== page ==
The Medical War at Home Medical support for American fliers abroad depended on several aeromedical functions in the United States. The medical service was responsible for selecting those young volunteers who were most qualified physically and mentally to fly combat aircraft. Newly recruited AAF doctors, nurses, and medical technicians needed training in military and aviation medicine. Researchers had to use the nation’s most advanced laboratories to solve new aeromedical problems. And seriously ill or injured airmen had to receive specialized treatment, rehabilitation, and convalescent care. The medical service at home went to work on all of these tasks.



Aeromedical research, like that shown above, was a major component of the AAF medical system’s work in the United States during World War II.

Advances in aeromedical research and development ranged from basic research on the physiology of flight to the design of flight instrumentation and aircrew support systems. Improved oxygen equipment and pressurized cabins for bombers received high priority. The first successful G-suits were produced, safer bailout methods were explored, and a night vision training program was started. Aeromedical research was truly a national program. Advances like the G-suit were developed with the assistance of researchers in Allied countries, civilian contract researchers, and specialists of the U.S. Navy. The Naval Medical Research Institute supplemented the AAF work done by the School of Aviation Medicine and the Aeromedical Research Laboratory at Wright Field. In several areas, however, the AAF led the other services. In the field of patient convalescence, for example, the AAF inaugurated treatment that stressed early patient involvement in work-related training programs. AAF patients returned to duty much faster than patients who were less active when recuperating. Recruitment and Training of Medical Personnel Apart from research and development, the main business of the AAF medical system in the United States was recruitment and training. The AAF medical recruiting campaign, designed by Assistant Air Surgeon Col. Wilford H. Hall, acquired about 8,300 doctors and 3,700 nurses before the 6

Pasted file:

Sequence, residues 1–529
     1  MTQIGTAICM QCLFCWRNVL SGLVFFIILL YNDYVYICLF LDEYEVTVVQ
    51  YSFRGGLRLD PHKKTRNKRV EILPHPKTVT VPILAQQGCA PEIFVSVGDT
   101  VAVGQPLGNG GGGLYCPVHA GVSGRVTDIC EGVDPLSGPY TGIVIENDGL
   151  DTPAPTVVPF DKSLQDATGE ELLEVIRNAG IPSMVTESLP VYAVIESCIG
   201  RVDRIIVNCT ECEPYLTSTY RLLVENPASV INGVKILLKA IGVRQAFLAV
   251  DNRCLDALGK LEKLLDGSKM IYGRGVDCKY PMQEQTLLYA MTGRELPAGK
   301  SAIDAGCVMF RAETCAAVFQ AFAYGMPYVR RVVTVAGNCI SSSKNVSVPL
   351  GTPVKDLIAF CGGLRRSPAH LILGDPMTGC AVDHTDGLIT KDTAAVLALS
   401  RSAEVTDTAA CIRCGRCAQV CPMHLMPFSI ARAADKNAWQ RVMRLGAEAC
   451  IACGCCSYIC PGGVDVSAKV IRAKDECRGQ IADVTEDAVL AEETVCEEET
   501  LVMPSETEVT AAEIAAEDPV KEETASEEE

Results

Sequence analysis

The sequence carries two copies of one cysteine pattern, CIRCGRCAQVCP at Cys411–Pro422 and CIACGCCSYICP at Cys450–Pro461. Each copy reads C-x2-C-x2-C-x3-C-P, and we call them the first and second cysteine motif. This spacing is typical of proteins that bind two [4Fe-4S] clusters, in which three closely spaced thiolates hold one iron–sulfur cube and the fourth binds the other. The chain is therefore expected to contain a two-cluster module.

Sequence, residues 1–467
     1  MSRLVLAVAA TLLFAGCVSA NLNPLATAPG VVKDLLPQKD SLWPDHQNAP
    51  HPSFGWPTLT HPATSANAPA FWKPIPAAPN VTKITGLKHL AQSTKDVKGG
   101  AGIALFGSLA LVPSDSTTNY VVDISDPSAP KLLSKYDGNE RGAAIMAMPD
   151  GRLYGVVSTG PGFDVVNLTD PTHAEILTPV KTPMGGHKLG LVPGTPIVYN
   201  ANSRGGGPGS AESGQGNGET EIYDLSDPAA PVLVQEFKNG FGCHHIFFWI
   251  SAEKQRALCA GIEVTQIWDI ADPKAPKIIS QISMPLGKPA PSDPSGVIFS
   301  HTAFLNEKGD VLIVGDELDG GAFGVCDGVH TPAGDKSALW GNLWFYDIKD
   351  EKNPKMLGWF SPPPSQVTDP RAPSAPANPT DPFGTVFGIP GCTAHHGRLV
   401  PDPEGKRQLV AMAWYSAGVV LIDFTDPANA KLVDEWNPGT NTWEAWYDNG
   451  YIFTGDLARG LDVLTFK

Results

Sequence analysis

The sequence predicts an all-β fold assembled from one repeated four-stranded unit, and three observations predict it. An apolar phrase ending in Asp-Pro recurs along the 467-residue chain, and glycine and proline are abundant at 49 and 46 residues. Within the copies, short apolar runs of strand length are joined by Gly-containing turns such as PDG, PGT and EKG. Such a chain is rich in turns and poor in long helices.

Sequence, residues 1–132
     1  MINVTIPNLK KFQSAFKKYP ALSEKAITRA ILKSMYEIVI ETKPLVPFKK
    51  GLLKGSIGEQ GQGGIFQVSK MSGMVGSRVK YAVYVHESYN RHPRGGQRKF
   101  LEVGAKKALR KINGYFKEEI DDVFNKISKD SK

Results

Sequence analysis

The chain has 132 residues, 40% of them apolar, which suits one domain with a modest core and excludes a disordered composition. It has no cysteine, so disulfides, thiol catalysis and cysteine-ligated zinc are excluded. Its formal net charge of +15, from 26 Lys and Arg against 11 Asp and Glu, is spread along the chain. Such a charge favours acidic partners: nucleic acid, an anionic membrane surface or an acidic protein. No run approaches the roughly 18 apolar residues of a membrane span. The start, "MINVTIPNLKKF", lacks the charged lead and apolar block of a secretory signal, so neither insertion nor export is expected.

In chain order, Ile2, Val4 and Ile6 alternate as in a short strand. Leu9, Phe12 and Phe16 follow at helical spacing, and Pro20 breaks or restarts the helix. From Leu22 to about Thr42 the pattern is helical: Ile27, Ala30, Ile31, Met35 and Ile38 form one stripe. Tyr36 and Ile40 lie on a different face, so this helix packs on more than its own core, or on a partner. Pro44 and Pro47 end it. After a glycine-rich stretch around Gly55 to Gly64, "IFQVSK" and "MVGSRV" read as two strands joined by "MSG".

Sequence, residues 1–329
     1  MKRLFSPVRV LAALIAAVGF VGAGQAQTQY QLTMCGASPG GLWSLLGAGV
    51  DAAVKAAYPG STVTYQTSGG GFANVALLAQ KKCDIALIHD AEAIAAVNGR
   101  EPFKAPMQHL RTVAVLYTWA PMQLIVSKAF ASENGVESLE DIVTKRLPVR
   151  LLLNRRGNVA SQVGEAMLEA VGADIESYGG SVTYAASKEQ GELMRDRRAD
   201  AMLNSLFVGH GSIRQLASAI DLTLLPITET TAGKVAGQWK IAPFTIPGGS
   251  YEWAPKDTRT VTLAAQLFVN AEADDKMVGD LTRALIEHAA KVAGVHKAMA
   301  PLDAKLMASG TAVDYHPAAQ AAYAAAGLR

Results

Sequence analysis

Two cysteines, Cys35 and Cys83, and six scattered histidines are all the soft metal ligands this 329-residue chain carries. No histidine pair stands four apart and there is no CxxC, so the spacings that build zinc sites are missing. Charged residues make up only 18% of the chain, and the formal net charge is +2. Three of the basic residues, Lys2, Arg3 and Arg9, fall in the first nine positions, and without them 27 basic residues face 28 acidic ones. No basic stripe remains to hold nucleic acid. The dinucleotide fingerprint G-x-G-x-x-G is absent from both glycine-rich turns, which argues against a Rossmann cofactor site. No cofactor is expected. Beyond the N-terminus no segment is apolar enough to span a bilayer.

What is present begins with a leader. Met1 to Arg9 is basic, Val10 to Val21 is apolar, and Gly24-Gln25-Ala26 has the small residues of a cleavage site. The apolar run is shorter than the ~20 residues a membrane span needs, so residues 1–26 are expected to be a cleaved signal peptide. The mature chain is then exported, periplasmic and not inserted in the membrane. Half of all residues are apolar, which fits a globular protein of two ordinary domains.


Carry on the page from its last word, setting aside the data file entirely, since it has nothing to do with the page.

Normandy invasion in June 1944. Another 4,980 nurses came from the Army and other agencies. Enlisted medics came from the Army’s draft pool and often had no medical training when they were assigned to the AAF. Training those new medics was the responsibility of the AAF Training Command Surgeon, Brig. Gen. Charles R. Glenn. From 1941 to 1943, most volunteer doctors in the AAF worked as aviation medical examiners, giving physical and mental examinations to candidates for skilled flying jobs as pilots, navigators, bombardiers, and aerial gunners. At the AAF aviation cadet centers, the cadets were tested physically for general health, motor skills, eyesight, hearing acuity, and other physical traits that predicted success in flying school. Applicants also received a battery of twenty psychological tests dealing with mental and physical alertness, intelligence, learning ability, memory, attention, and emotional stability. These psychological tests predicted a cadet’s success in training and operations, although more accurately for pilots and navigators than for bombardiers. Administering a standard test soon became tedious and boring to most volunteer doctors, so the AAF gave each of them an opportunity to learn the more advanced skills of a flight surgeon. The didactic classes were administered by the School of Aviation Medicine (SAM) at Randolph Field, Texas. The subjects were general aviation medicine and AAF medicine, including nutrition, physical fitness, and convalescence. To show some of the physical and mental stresses of flying, the program after July 1944 included an introduction to flight, including some hours in